An outage struck the cloud service worldwide on Tuesday, causing a range of problems. These included intermittent access to Office 365 in which users had only half a chance of logging on. Broader Azure cloud resources were also down.

 

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This problem was, in turn, down to a DNS outage, according to Microsoft’s Azure status page:

Preliminary root cause: Engineers identified a DNS issue with an external DNS provider.

Mitigation: DNS services were failed over to an alternative DNS provider which mitigated the issue.

Reports suggested that this DNS outage came from CenturyLink, which provides DNS services to Microsoft.

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The company had suffered a software defect, it had said in a statement.

This shows what can go wrong when cloud-based systems are interconnected and automated enough to allow cascading failures.

A software defect at a DNS provider indirectly led to the deletion of live customer information thanks to a lack of human intervention.

CenturyLink seems to be experiencing serial DNS problems lately.

The company, which completed its $34bn acquisition of large network operator Level 3 in late 2017, also suffered a DNS outage in Decemberthat reportedly affected emergency services, sparking an FCC investigation.

Azure users can at least take comfort in the fact that Microsoft is offering multiple months of free Azure service for affected parties.

Source: Naked Security

 


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Windows 10 can carry on slurping even when you’re sure you yelled STOP

 

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Windows 10 can carry on slurping even when you’re sure you yelled STOP

All your activity are belong to us

Updated A feature introduced in the April 2018 Update of Windows 10 may have set off a privacy landmine within the bowels of Redmond as users have discovered that their data was still flowing into the intestines of the Windows giant, even with the thing apparently turned off.

In what is likely to be more cock-up than conspiracy, it appears that Microsoft is continuing to collect data on recent user activities even when the user has explicitly said NO, DAMMIT!

First noted in an increasingly shouty thread over on Reddit, the issue is related to Activity History, which is needed to make the much-vaunted and little-used Timeline feature work in Windows 10.

Introduced in what had previously been regarded as one of Microsoft’s flakiest updates – prior to the glory of the October 2018 Update, of course – Timeline allows users to go back through apps as well as websites to get back to what they were doing at a given point.

Use a Microsoft account, and a user can view this over multiple PCs and mobile devices (as long you are signed in with that same Microsoft account). The key setting is that “Send my activity history to Microsoft” check box. Uncheck it and you’d be forgiven for thinking your activity would not be sent Redmondwards. Right?

Activity History

Except, er, the slurping appears to be carrying on unabated.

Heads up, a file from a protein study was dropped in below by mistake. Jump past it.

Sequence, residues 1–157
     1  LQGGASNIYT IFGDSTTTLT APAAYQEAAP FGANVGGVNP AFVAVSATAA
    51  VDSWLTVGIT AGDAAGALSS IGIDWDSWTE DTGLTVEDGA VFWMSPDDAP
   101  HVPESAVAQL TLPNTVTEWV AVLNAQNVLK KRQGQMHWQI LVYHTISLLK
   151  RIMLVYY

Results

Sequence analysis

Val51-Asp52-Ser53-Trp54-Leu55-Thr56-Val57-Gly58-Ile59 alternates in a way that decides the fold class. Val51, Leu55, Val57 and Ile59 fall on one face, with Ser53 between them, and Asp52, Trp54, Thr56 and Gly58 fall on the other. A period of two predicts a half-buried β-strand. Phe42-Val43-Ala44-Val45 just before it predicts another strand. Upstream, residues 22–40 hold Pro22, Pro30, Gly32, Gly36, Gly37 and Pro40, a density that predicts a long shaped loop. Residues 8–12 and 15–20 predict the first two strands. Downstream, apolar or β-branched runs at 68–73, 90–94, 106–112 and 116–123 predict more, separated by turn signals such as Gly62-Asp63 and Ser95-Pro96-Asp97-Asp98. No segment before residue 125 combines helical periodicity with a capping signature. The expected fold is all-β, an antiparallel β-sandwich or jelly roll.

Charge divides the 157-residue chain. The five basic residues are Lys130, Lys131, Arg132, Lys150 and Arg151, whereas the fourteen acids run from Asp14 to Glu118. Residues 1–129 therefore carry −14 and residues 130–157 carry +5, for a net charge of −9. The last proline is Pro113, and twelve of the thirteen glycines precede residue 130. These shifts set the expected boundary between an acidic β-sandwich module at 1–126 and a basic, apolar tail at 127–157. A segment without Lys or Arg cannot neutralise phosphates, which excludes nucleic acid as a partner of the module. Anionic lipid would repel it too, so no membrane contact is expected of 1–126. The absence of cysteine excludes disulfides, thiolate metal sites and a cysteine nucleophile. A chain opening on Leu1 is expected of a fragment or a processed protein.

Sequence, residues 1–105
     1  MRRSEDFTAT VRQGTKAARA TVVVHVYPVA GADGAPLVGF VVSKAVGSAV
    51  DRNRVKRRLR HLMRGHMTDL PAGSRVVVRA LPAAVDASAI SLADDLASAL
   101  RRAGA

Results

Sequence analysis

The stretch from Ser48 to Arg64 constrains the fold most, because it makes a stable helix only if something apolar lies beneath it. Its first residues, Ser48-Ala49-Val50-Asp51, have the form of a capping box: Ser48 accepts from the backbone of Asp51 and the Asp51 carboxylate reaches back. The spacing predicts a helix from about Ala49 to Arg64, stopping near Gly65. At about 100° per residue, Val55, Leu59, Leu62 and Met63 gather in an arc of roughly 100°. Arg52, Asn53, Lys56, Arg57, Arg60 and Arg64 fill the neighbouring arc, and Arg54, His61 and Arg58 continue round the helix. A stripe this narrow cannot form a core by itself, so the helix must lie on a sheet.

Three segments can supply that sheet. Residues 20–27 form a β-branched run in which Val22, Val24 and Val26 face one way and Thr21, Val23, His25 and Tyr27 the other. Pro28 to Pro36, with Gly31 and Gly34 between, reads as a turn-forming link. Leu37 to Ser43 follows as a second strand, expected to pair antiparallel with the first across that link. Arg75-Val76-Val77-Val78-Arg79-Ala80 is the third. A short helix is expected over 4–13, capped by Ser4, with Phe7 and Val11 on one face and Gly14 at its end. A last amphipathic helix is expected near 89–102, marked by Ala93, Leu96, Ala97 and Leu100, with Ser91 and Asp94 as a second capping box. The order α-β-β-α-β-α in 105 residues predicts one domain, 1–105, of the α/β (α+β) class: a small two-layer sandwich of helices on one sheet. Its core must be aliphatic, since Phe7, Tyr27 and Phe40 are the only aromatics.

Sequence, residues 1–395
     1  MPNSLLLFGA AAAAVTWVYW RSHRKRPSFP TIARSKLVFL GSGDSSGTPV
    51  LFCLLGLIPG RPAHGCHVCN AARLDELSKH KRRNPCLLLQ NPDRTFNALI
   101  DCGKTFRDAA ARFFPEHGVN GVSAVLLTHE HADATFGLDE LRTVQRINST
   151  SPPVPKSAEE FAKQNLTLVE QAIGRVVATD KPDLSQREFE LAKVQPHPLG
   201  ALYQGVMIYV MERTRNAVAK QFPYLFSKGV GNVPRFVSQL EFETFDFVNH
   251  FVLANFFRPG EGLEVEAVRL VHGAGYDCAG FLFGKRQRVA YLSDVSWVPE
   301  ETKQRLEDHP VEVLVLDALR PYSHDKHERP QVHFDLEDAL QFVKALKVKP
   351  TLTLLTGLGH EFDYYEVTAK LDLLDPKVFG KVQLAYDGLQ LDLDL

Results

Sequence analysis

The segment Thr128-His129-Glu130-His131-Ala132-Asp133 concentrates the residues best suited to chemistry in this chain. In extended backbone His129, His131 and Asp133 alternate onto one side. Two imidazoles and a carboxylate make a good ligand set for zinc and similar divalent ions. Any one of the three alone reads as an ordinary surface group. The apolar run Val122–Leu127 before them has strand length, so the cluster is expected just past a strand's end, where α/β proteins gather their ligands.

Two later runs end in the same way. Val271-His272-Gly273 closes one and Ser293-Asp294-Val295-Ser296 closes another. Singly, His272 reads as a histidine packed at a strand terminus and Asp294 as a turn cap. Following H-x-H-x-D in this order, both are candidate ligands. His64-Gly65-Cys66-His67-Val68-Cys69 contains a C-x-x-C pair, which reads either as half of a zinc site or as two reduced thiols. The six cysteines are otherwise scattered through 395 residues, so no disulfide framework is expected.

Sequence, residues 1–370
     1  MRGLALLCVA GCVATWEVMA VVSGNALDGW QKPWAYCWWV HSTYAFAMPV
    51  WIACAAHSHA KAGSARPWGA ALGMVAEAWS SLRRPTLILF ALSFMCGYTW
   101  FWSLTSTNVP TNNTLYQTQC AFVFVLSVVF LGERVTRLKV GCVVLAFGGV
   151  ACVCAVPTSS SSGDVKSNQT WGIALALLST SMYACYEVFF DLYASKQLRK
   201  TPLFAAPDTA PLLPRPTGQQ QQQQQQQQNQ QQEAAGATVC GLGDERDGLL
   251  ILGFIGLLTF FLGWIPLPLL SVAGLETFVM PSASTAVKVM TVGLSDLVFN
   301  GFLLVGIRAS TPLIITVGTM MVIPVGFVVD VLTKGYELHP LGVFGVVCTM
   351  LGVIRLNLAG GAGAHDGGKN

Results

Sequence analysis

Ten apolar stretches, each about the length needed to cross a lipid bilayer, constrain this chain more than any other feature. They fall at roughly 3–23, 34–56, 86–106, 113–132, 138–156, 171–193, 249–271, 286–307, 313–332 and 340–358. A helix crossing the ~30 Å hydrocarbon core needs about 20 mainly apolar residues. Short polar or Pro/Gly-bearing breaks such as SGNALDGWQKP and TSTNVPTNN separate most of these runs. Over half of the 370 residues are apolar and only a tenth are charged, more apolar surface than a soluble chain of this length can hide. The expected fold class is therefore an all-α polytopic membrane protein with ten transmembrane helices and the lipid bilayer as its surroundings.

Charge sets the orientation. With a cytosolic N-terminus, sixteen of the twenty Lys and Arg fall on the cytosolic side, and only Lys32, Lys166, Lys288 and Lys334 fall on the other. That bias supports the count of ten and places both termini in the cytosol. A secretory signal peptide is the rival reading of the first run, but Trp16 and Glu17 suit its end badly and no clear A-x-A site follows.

The Redditors reported that if one takes a look at the Activity History in the Privacy Dashboard lurking within their account, apps and sites are still showing up.

The fellows over at How To Geek have speculated the issue may be something to do with Windows’ default diagnostic setting, which is set to Full and will send back app and history unless changed to Basic. Of course, Windows Insiders have no option but to accept Full, although a bit of slurping is likely to be the least of their problems.

A thread at TenForums has also provided a guide to turning the thing off, ranging from tinkering with Group Policies through to diving headlong into the Registry. Neither are options likely to appeal to users who would expect that clearing the “Send data” box would stop data being sent.

Deliberate slurpage, or a case of poor QAand one team not talking to the other aside, it isn’t a great look for Microsoft and users are muttering about potential legal action. Privacy lawyers will certainly be taking a close look – after all, the gang at Redmond are already under scrutiny for harvesting data and telemetry from lucky users of Windows 10.

Google has been on the receiving end of a sueball for slurping location data from user’s phones and providing an over-complicated way to turn off the “feature”.

It is all a bit of a mess and has left users unsure of what is being collected and when. We have contacted Microsoft to find out how it plans to deal with the situation (ideally before 2018’s privacy bogeyman, GDPR, makes an appearance) and will update if a response is forthcoming. ®

Update 13 December 16.45UTC

Microsoft got in touch to insist it is committed to privacy and transparency, but admitted there is indeed a bit of naming problem, with “Activity History” cropping up in both Windows 10 and the Microsoft Privacy dashboard.

Marisa Rogers, Privacy Officer at the software giant, told us: “We are working to address this naming issue in a future update.”

The slurpage collection is of course for your benefit and Rogers added that users have “controls to manage your data.”